The value of holding off until the following day gives you time to cool down, think rationally, and discuss the pros and cons of making a life-changing decision. For clarity, be sure and review the situation and your reasoning with a close peer or family member (specifically your life partner) in person… not over Facebook or Twitter.

After the emotional dust settles and, if you are determined to part ways, consider two possible paths and decide which works for you. Here’s my take on what NOT to do versus what you should do.

Here’s what you should NOT do when quitting your job:
* Do the Dwight (samples of his bad behavior available upon request)
* Ignore your responsibility by not showing up to work when you are scheduled to be there
* Text or use Twitter to let your boss know you are leaving
* Yell, blame, or use nasty language while walking out the door
* Blasting your boss or company on the Internet

Now that you know a few of the things NOT to do, let’s take a look at a few things you should do:
* Possess a positive attitude and professional demeanor
* Develop a well-written letter of resignation, highlighting positive things about the company, the people, and the products/services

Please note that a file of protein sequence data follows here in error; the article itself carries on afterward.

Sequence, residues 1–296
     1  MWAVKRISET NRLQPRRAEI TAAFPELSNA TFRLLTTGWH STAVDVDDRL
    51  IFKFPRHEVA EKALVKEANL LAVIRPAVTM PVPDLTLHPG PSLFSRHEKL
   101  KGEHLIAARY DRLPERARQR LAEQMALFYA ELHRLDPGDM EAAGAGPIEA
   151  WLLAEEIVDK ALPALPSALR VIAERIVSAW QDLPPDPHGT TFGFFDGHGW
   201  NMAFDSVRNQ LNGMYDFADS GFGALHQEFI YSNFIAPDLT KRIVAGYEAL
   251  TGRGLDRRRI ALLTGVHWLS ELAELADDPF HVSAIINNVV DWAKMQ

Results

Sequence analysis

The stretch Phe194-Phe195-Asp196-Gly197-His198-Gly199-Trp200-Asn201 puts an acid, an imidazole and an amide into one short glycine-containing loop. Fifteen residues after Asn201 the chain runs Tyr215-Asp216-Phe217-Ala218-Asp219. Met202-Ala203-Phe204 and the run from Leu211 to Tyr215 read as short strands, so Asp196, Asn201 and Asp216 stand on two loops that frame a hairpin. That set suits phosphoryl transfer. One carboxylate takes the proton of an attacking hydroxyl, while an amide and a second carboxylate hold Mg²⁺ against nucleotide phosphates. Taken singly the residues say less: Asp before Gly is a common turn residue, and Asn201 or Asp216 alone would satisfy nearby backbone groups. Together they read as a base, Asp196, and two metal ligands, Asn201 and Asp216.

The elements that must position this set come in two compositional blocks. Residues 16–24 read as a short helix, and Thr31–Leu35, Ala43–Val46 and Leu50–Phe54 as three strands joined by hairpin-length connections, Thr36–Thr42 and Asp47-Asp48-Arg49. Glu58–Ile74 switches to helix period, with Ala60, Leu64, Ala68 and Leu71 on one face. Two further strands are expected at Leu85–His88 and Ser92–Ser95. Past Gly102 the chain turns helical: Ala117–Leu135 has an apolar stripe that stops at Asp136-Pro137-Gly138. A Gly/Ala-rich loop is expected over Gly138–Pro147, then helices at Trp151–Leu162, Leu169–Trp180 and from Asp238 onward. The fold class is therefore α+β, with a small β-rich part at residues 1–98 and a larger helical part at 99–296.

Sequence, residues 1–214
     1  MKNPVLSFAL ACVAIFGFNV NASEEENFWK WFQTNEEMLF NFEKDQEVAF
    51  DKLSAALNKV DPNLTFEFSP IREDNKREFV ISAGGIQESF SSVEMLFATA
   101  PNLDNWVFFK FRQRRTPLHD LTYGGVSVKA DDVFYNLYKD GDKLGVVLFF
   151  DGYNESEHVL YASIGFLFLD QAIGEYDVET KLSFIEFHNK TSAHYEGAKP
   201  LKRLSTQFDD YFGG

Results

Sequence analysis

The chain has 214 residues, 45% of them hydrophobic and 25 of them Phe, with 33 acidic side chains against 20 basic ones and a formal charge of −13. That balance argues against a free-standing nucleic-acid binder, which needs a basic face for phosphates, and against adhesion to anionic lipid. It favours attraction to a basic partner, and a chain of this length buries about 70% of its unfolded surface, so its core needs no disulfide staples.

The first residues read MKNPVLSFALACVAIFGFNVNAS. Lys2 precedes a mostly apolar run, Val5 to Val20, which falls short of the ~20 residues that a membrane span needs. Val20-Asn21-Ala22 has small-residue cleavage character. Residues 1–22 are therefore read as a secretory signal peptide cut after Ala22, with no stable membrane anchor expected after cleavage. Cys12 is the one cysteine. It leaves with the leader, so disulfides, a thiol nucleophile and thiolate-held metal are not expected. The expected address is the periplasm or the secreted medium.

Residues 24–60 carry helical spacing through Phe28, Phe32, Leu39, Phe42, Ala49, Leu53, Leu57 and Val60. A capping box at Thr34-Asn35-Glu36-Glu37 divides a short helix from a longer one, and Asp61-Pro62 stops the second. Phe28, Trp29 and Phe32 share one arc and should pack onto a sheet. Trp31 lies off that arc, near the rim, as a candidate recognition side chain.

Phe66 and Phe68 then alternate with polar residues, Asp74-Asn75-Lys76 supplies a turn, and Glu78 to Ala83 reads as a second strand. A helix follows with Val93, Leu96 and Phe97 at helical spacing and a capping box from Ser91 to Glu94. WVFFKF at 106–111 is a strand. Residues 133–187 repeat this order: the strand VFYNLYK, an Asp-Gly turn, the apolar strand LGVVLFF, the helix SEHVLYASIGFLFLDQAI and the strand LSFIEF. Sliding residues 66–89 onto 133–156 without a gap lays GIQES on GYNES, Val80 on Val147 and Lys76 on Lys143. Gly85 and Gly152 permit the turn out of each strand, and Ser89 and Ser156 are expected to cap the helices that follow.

* Give a minimum of a two-week notice
* Consider how your leaving will affect the company and your co-workers
* Continue working hard and productively up to (and including) your last day

Rule #2: Display professionalism at all times

Changing jobs rarely is easy. For the employer, it takes time to locate and train new employees and this could mean a loss of revenue (if a sales person leaves) or it could mean a disruption of service (if a technician or office personnel calls it quits). Without proper notification and time for a replacement, you put your previous boss and company in jeopardy.

Rule #3: Slamming the former boss/company could dunk your career

Employers appreciate employees willing to do the right thing upon departure and typically will “pay it forward” in the form of a solid professional reference. According to employer surveys, business references have increased dramatically as future employers value the opinion of former supervisors. How do you think a potential employer would react if he or she contacted your former supervisor and nothing but unkind words were shared? Thought you would agree with me.

Still thinking about NOT doing the right thing, take a look at how Orlando Magic’s Dwight Howard is handling his attempt to leave the Amway… just saying. Ultimately, the choice, manner, and consequence are up to you.

Looking for sample resignation letters as well as additional information about this or any other career-related topic, use the comment field and our team of certified writers and coaches will take care of you. For those interested in cutting-edge career books to guide you along your journey, visit www.edu-cs.com or go to Amazon and search Danny at ECS for a listing of available material.

Danny Hufman, MA, CEIP, CPRW, CPCC
www.EducationCareerServices.com
Got Twitter? Shadow me @dannyatecs